Tech Wreck Version 2
The month of April was a tough one for investors, particularly those heavily invested in the technology space. While there is a broad scope of what technology companies do, Host Andrew Baxter has noticed some signs similar to what he saw before the dot com boom and bust of the late 1990’s. Join us in this week’s podcast to hear more:
Share Price and Business Outlook
The tech sector has been very much a hyped portion of the market for a long time. Investors over the last few years have been willing to pay more than they should for major tech stocks with the mentality of ‘it is simply going up’. Host Andrew Baxter explains that these stocks have not been good value at all and how we can tell. The PE ratio (Price to Earnings) is a widely used measure of the stock price relative to its earnings per share and is used to determine whether a stock is good value. For the most part, it takes into account the most recent earnings result. The typical ratio is about 13-17 times but of late stocks on average were trading at about 18 times their earnings per share. The key reason for this is the fact that many stocks are bought and sold on the basis of their potential growth and where they may be down the line. Using PE ratios as key analysis is problematic already, but doing so based on your best guess as to what a company might be worth in the future is highly risky. Markets are very fluid and it is very difficult to predict what will happen years in the future.
The Problems Facing Netflix
Of the recent earnings season, if there was one thing you’d have heard about it would be Netflix’s fall from grace. Netflix’s stock price had already been plummeting but news of decreasing subscribers has twisted the knife even further and the stock is down about 70% from its highs. Host Andrew Baxter explains some of the difficulties Netflix is now faced with after losing a great deal of its value already. Netflix was a pioneer in the streaming services space and for a long time has been the goliath name in the game. Now we see countless competitors in the market, many large enough to have a real impact on Netflix’s subscriber figures. Running a streaming service is an inherently risky business as large sums of money are spent with no assurance of any true return. Companies fork out big money to produce programming for their platforms regularly but there is no way to know for sure if these projects will have a positive impact on their subscribers. All in all there is a long road back for Netflix to be the streaming giant it was previously and it will be interesting to see what moves they make to get back to where they were.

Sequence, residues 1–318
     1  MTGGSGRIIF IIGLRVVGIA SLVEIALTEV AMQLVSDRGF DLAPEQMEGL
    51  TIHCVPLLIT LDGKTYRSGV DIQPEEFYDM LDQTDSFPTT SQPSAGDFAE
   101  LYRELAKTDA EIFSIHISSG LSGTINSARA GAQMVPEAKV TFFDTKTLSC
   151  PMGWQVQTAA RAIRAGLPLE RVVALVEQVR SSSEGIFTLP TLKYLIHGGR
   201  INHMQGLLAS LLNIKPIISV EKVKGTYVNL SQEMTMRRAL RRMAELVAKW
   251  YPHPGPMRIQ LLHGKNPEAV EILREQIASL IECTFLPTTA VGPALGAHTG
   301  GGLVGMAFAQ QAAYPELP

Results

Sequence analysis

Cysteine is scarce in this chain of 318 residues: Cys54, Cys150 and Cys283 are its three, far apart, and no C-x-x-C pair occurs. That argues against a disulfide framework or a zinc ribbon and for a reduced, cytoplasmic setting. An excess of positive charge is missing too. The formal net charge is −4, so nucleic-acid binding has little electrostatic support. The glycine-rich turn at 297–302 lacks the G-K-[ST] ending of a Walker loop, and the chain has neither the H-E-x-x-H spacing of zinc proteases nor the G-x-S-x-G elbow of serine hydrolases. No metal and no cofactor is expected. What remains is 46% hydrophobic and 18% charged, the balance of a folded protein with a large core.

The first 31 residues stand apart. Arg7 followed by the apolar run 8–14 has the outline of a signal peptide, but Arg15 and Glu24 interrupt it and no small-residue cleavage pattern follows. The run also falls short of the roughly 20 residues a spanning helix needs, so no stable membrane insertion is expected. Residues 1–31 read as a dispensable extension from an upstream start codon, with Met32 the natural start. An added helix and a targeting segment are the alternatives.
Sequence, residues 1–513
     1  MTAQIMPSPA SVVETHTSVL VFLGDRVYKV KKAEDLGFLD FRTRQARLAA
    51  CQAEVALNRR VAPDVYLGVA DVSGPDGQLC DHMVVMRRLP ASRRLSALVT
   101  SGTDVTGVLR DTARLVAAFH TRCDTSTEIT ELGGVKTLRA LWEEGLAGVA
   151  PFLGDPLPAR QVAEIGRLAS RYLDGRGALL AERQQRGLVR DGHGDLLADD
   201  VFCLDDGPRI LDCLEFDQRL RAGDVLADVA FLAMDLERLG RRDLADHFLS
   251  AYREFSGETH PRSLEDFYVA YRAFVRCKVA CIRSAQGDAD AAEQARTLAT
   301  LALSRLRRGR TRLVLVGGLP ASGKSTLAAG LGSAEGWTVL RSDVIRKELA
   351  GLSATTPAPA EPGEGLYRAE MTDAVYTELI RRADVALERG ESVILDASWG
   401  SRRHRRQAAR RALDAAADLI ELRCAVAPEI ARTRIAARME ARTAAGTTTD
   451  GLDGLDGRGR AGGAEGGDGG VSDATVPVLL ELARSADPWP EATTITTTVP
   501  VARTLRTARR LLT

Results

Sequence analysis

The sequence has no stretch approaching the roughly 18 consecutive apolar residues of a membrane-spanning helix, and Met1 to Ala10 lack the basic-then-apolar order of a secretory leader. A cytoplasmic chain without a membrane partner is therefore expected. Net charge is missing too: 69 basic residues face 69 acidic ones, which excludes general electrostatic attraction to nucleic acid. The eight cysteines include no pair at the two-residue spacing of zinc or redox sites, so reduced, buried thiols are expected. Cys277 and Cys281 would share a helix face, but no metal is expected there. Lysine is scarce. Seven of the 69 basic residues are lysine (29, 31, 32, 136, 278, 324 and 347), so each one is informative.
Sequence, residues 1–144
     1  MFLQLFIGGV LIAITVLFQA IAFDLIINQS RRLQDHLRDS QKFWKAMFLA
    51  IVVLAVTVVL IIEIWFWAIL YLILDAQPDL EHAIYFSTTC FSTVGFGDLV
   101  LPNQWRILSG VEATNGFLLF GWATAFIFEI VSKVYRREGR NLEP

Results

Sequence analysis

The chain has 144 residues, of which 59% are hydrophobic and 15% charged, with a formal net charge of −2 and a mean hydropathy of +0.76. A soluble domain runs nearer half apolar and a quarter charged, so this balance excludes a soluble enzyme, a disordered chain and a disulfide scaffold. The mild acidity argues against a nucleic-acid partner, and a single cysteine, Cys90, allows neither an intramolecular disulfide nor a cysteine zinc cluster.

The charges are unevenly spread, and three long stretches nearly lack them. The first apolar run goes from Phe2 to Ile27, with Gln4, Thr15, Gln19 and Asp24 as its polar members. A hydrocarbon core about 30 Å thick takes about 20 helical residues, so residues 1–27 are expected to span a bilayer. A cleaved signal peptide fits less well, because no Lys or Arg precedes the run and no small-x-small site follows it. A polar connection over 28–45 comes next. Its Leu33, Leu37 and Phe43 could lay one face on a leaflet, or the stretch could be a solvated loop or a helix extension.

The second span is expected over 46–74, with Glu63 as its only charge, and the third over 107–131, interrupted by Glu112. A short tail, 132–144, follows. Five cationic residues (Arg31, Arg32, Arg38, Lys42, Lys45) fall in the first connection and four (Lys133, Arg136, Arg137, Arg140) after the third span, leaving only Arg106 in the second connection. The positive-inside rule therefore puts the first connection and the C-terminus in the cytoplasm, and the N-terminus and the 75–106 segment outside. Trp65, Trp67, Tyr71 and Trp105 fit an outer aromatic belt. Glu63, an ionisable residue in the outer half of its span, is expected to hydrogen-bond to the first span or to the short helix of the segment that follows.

Block’s Acquisition of Afterpay
Jack Dorsey’s Block, formerly known as Square, recently acquired Afterpay in a phenomenally large deal. About $30 billion US dollars is what Block was willing to pay for Afterpay, but Host Andrew Baxter has some reservations about this. Afterpay’s business model is inherently risky, and the general consensus is that the purchase price probably exceeds what Afterpay is truly worth. As a company, Afterpay does not have any real earnings in the immediate future. Many users of the buy-now-pay-later services now available have overspent using Afterpay and have since adopted loans with interest, defeating the purpose of using Afterpay for consumers. Afterpay has done well to position itself not as a financial services company, but as a technological solutions company, escaping significant regulation. Block however, is a financial services company, and will possibly be forced to navigate new regulation on Afterpay should things change in the long-term. Increased regulation could spell disaster for the business, and turn what was an investment from Block into a flop.
Facebook vs Square
Previously Facebook, Meta Platforms is a company we are all very familiar with by now. Host Andrew Baxter compares this US market titan with something of an up and comer by way of Block (formerly Square). If we look at Facebook, we see an extended history of strong performance and competitiveness in the market. The main driver of their revenue is advertising space, which they dominate as they are notorious for acquiring their competitors as well as being the go-to for online marketers globally. If we look at Square’s original business, they are a bit of a one-trick pony. They pioneered a device for transactions, not dissimilar from Eftpos machines with Paywave. This makes them vulnerable to competition and potentially threatens their performance in the long-run. We can draw a parallel here with Netflix, the first big mover in the online streaming space which now finds itself losing popularity in a more contested market, so Block investors will be keeping a sharp eye on possible competitors and how their new business in buy-now-pay-later goes.